Monday, June 4, 2012
10 Easy Ways to Live Greener Now
1. Choose organic. Food, clothes, toys- whatever you can. Yes, organic products are more expensive than their conventional counterparts. Still, they are more nutritious, and have significantly smaller impact on the environment. To read more about the organic vs. conventional debate, read this. Of course, factory farming is harmful to the environment whether it's organic or not, so...
2. Buy from small, local producers when you can. Use localharvest.com to find a CSA (Community Supported Agriculture) program near you. By purchasing your food locally (and other products, if possible) you maintain the greatest control over the ingredients and process used to produce your goods. Plus, the carbon footprint for growing/creating the product is reduced because the product isn't trucked or flown across the world to get to you. Don't want to join a CSA? Try out your local farmer's market.
3. Consider whether you "need" or "want" a product before you buy it. Sometimes we go out of our way to purchase items from the "right" sources, with the "right" ingredients... but it's wasted effort if it wasn't something that we really needed in the first place. Consider truly whether an item you wish to buy is a necessity for your family, or whether you can repurpose something else to fulfill the need.
4. Grow a veggie or two. No matter where you live you can grow something, somewhere. It may not be an acre vegetable garden with yield enough to feed your family throughout the winter, but every little bit counts! Grow an herb garden in your kitchen, some tomatoes in a container on your front stairs, or even some mushrooms in the forest behind your house. Just. Get. Growing!
5. Replace one cleaning product in your home with a natural counterpart. You can buy a product from natural companies like Seventh Generation, or you can make your own. Try our recipes for automatic dishwasher soap, laundry soap, carpet cleaner, or kitchen wipes if you're into trying your hand at making your own. Either way, less use of petroleum-based products is a huge win for everyone.
6. Pick a day to run errands. If you're like us, you live outside the city and you use a car to run errands. If you can, try to group these outings so that you only drive to town once. Need to go more than once? Try carpooling or swapping grocery shopping responsibilities with a neighbor.
7. Use a community resource. Instead of buying a book, check it out of the library. Instead of joining a gym, check out your local town rec center for open gym times. Instead of paying to use a kid's play center, use a local playground or park. Communal resources which serve a large number of people are most efficient, plus they build strong community relationships when people use them.
8. Buy it used. Whatever it is that you need- buy it used. Shopping at Goodwill and consignment stores is a great way to save some cash for sure, but also to save the earth. Purchasing products already in existence uses fewer resources than purchasing new products. So next time you need a new coffee table, jump rope, or tie consider purchasing a "pre-owned" item first. Not willing to give it a try? Then at least be sure to donate any usable item to Goodwill instead of throwing it away, ensuring that someone else can benefit from your "trash."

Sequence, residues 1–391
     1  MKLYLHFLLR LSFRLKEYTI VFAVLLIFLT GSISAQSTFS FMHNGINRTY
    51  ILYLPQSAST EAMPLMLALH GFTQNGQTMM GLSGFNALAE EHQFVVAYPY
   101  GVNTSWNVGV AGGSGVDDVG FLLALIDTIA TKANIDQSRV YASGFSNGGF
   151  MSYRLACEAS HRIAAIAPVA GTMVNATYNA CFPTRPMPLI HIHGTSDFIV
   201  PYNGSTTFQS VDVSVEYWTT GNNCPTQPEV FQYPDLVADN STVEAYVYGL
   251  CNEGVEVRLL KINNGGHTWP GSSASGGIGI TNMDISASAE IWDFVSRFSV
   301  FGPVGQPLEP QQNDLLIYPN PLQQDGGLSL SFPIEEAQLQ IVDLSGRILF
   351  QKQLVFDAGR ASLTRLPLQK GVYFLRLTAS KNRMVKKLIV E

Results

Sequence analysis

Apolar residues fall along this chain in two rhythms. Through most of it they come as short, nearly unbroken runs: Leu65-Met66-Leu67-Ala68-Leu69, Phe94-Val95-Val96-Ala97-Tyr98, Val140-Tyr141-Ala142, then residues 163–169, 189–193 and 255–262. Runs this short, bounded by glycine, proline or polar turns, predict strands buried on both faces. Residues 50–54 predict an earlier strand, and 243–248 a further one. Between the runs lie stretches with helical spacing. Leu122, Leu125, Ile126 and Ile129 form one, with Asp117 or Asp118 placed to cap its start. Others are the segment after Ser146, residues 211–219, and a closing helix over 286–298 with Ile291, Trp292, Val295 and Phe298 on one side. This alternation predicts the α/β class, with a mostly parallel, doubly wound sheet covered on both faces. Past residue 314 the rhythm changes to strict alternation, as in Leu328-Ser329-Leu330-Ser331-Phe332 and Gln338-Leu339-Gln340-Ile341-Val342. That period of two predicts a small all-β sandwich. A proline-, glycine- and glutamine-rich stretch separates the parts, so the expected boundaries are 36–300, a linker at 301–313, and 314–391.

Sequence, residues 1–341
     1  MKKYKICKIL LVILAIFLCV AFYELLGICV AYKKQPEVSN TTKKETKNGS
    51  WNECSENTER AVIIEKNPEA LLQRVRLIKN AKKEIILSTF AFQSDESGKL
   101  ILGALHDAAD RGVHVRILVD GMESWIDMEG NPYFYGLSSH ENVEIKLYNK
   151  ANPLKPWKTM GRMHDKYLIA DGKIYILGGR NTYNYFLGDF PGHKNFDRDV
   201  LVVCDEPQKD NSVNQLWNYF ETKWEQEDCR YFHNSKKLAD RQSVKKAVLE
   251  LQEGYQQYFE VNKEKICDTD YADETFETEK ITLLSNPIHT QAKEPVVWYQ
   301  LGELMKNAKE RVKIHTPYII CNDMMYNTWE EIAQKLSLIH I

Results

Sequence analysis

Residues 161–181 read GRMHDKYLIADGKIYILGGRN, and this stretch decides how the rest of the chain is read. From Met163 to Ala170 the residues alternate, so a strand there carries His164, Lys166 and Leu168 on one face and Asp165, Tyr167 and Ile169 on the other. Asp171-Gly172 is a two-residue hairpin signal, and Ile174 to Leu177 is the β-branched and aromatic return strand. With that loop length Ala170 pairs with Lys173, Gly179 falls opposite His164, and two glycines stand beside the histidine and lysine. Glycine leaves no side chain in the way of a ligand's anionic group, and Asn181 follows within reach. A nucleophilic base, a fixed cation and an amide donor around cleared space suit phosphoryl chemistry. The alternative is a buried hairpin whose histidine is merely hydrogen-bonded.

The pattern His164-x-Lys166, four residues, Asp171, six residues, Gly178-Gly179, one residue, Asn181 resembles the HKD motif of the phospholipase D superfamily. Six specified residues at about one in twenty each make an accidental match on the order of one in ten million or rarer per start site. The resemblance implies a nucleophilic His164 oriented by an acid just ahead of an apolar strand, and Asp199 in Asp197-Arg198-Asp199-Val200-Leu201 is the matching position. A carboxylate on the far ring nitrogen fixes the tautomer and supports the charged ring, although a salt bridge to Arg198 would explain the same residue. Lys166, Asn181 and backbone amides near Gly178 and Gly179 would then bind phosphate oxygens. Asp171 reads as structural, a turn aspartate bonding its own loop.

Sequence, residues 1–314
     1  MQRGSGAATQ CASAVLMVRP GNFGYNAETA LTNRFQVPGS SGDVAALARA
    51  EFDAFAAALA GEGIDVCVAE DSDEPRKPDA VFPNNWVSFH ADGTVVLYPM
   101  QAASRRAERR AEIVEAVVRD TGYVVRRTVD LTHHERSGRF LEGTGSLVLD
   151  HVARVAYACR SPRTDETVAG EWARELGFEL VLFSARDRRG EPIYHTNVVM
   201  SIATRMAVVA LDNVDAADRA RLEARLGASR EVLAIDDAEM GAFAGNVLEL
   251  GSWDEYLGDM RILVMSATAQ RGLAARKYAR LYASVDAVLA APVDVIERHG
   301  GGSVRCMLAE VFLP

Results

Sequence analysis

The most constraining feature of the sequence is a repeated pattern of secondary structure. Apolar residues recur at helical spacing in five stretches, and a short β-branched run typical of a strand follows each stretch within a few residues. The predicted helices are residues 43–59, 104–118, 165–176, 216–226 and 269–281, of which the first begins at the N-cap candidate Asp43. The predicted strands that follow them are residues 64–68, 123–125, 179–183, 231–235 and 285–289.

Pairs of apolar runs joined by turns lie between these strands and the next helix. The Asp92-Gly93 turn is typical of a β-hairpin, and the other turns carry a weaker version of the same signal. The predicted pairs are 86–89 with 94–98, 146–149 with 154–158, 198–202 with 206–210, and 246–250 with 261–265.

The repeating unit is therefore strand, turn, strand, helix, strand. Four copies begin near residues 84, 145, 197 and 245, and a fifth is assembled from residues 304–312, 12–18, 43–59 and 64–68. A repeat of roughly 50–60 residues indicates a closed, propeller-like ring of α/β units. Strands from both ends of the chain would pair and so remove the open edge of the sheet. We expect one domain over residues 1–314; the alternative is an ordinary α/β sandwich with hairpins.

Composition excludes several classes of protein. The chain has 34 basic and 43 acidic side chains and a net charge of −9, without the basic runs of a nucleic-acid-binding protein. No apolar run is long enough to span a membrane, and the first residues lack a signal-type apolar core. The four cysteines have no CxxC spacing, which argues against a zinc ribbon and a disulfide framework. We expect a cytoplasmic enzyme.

9. Skip the take out dinner and eat at home. This sounds like a money-saving idea, but is it good for the planet? Of course. (Would I lie to you?? Never.)
Take out food usually comes in a lot of packaging so that the food tastes good and isn't soggy when you get it home. But all that packaging is obviously wasteful and harmful to the earth in production and in a landfill. Plus, national restaurant chains are famous for shipping their food from distribution centers no matter where the restaurants are located, creating a huge carbon footprint for your meal. (When we had a Red Lobster here in Maine a few years ago, they used to advertise Maine lobster on their menu... which they bought from Maine fishermen, shipped to a distribution center in Pennsylvania, then shipped back to Maine as frozen seafood. It sure didn't taste as good as the stuff I buy from the fisherman on the pier, and it magnified the carbon footprint of the meal dramatically. Incidentally, Red Lobster went out of business here.)
For easy alternatives to eating out at a restaurant try freezer cooking (making extra dishes when you make dinner at home and freezing them for future use), or potluck dinners with friends.
10. When you do go out or "buy out", patronize establishments which use earth-friendly practices and treat their employees well. To see a great list of these planet-friendly businesses (not just restaurant chains), go here. Think about the companies which still use child labor (for a list go here), and consider which companies you'd like to support with your dollars. After all, we can speak loudest with our cash- where we choose to spend sends a powerful message to companies about what business practices we, the consumers, will tolerate. Which practices do you endorse? Does your wallet coincide with those choices?
Well, that's my top ten ways to live greener and more humanely without a tremendous amount of effort or up-front cash. I hope it inspired you to do something... anything?... just a little bit differently than the norm.
Oh yeah, and remember to turn the lights out when you leave a room. (Smile.)
Saving water is also very important. You might want to install flow meters in your home to be able to monitor and control the amount of water used in places such as your bathroom, the kitchen or even in the garden.